Cuentos Clásicos del Norte, Primera Serie

By Edgar Allan Poe

Page 10

la vida misma: no ofrecía más
solución que descarríos y muerte. Para el norteamericano de hoy el
rechazo de Poe por la vida es una especie de filosofía opiada que
debería compadecerse tanto como cualquier otro hábito anormal.




III


Los críticos asimilan a menudo a Háwthorne con Poe, y los temas graves y
sombríos de ambos parece que debieran relacionarlos. Difieren
esencialmente, sin embargo, en cuanto a propósitos y método. Háwthorne
no es poeta por naturaleza, aunque su prosa sea poética y todas sus
obras sean de imaginación; es, ante todo, un pensador, un observador de
la vida, un psicólogo en arte y un escéptico en filosofía. Parecerá
quizá extraño dar el calificativo de escéptico a un escritor de espíritu
tan generoso, de sentimientos tan leales como Nathániel Háwthorne; pero
un pequeño estudio de sus obras en relación con las ideas
trascendentales que rodearon su adolescencia y sus primeros años
viriles, convencerá al observador de que la conciencia puritana de
Háwthorne le impulsaba a investigaciones infatigables de la filosofía
que pasaba por verdadera entre sus asociados. El lector que no haya
tenido oportunidad de conocer las doctrinas de Álcott y de Émerson puede
encontrar indudablemente bastante belleza y elevación en Háwthorne para
compensar el estudio de sus obras. Aun sin conocer las doctrinas que él
ponía en duda, podemos admirar su fantasía en _La imagen de nieve_; su
talento en parábolas tiernas o festivas en _El May-Pole de Merry Mount_
y _El experimento del doctor Héidegger_; su profundo patriotismo en El
anciano campeón y las _Leyendas de la casa provincial_; sus dotes
incomparables para describir una conciencia atormentada en _El retrato
de Édward Rándolph_ y _El entierro de Róger Malvin_. Pero la orientación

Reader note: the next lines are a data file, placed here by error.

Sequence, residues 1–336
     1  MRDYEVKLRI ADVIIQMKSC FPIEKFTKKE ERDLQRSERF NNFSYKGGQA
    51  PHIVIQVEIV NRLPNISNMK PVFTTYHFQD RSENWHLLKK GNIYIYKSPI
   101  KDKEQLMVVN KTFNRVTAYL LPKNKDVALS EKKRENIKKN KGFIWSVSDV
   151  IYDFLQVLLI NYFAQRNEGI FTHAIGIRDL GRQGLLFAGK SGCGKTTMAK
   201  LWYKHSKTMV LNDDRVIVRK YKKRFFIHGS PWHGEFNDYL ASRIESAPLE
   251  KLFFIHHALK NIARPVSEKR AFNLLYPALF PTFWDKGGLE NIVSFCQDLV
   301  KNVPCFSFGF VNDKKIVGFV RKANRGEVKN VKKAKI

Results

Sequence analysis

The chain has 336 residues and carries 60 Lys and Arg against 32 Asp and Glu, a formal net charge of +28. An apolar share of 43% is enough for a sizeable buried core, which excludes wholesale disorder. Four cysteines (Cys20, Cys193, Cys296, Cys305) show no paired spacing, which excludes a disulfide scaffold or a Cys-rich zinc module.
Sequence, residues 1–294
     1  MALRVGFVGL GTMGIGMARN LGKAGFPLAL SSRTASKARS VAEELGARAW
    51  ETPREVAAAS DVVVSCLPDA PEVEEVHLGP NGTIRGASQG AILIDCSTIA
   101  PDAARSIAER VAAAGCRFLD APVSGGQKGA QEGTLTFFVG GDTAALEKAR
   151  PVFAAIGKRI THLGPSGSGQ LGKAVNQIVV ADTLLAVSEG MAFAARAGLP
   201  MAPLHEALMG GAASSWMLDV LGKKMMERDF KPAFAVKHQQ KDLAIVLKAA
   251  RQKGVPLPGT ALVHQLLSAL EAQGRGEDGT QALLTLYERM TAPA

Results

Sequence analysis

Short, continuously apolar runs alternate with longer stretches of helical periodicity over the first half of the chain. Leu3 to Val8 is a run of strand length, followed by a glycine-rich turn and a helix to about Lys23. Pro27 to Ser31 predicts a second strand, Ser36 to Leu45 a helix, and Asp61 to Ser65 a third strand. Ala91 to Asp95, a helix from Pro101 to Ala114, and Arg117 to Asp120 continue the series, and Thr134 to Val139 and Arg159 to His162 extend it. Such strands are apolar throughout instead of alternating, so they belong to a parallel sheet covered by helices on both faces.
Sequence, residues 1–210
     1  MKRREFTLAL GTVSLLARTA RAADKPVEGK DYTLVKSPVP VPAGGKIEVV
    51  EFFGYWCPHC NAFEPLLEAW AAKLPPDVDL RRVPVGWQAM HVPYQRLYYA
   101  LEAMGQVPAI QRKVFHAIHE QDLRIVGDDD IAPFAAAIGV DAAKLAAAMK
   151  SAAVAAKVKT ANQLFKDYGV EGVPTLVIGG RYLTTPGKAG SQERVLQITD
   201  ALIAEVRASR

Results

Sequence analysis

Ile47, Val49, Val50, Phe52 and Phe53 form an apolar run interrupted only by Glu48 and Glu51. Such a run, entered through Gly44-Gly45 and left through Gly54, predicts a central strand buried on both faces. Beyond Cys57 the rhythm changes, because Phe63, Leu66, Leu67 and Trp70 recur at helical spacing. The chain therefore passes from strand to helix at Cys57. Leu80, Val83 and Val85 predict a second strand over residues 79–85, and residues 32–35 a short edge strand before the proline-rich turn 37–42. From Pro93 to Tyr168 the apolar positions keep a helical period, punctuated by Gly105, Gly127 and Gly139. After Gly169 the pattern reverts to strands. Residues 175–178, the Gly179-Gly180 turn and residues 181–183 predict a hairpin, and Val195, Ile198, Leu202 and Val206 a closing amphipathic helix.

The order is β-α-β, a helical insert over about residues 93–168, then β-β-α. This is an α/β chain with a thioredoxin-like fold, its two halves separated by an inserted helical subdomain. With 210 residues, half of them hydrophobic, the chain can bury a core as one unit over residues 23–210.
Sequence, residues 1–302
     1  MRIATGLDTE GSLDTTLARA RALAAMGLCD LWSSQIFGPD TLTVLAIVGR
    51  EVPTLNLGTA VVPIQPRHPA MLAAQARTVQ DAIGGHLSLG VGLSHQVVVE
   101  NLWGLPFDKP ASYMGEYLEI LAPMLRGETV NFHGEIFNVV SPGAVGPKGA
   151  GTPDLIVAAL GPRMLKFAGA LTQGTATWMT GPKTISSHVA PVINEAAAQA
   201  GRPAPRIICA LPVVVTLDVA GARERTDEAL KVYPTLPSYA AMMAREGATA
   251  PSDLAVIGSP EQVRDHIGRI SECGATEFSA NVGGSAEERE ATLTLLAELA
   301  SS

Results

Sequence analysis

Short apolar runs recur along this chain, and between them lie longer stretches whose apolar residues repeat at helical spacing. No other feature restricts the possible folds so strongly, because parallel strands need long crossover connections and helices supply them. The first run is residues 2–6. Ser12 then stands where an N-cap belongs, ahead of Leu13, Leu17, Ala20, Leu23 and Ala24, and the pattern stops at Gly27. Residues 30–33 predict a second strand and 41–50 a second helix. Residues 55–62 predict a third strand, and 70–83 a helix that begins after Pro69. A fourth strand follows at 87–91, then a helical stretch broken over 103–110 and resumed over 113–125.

intelectual de la mayor parte de sus obras más meditadas resultaría
obscura a menos de haber leído a nuestro jovial Émerson o a nuestro
escritor más festivo aún, Álcott. La doctrina de estos autores acerca de
la confianza en sí mismo, de la necesidad de vivir en el presente sin
respeto servil por el pasado, ha tenido inmensa boga en los Estados
Unidos, y se ha reforzado con la poderosa influencia de Walt Whitman;
pero Háwthorne hizo proyectar esta doctrina sobre esbozos fantásticos
como _El experimento del doctor Héidegger o Féathertop_, y sobre
novelas más largas, como si hiciera un análisis de laboratorio respecto
de su verdad. Álcott y Émerson creían con sublime optimismo que el mal
se cambia al fin en bien; que existe, según la frase de Émerson, un
principio de sacarina en todas las cosas. Háwthorne desarrolló también
esta doctrina en cuentos como _El entierro de Róger Malvin_. Podrían
producirse otros ejemplos tomados de

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Text Comparison with Selections from Poe

Page 2
Going to Boston, he published a thin volume of boyish verse, "Tamerlane, and Other Poems," but realizing nothing financially,[1] he enlisted in the United States Army as Edgar A.
Page 9
Perhaps, too, he inherited from his actor parents a love of applause, and if so, the trait was certainly encouraged in early childhood.
Page 32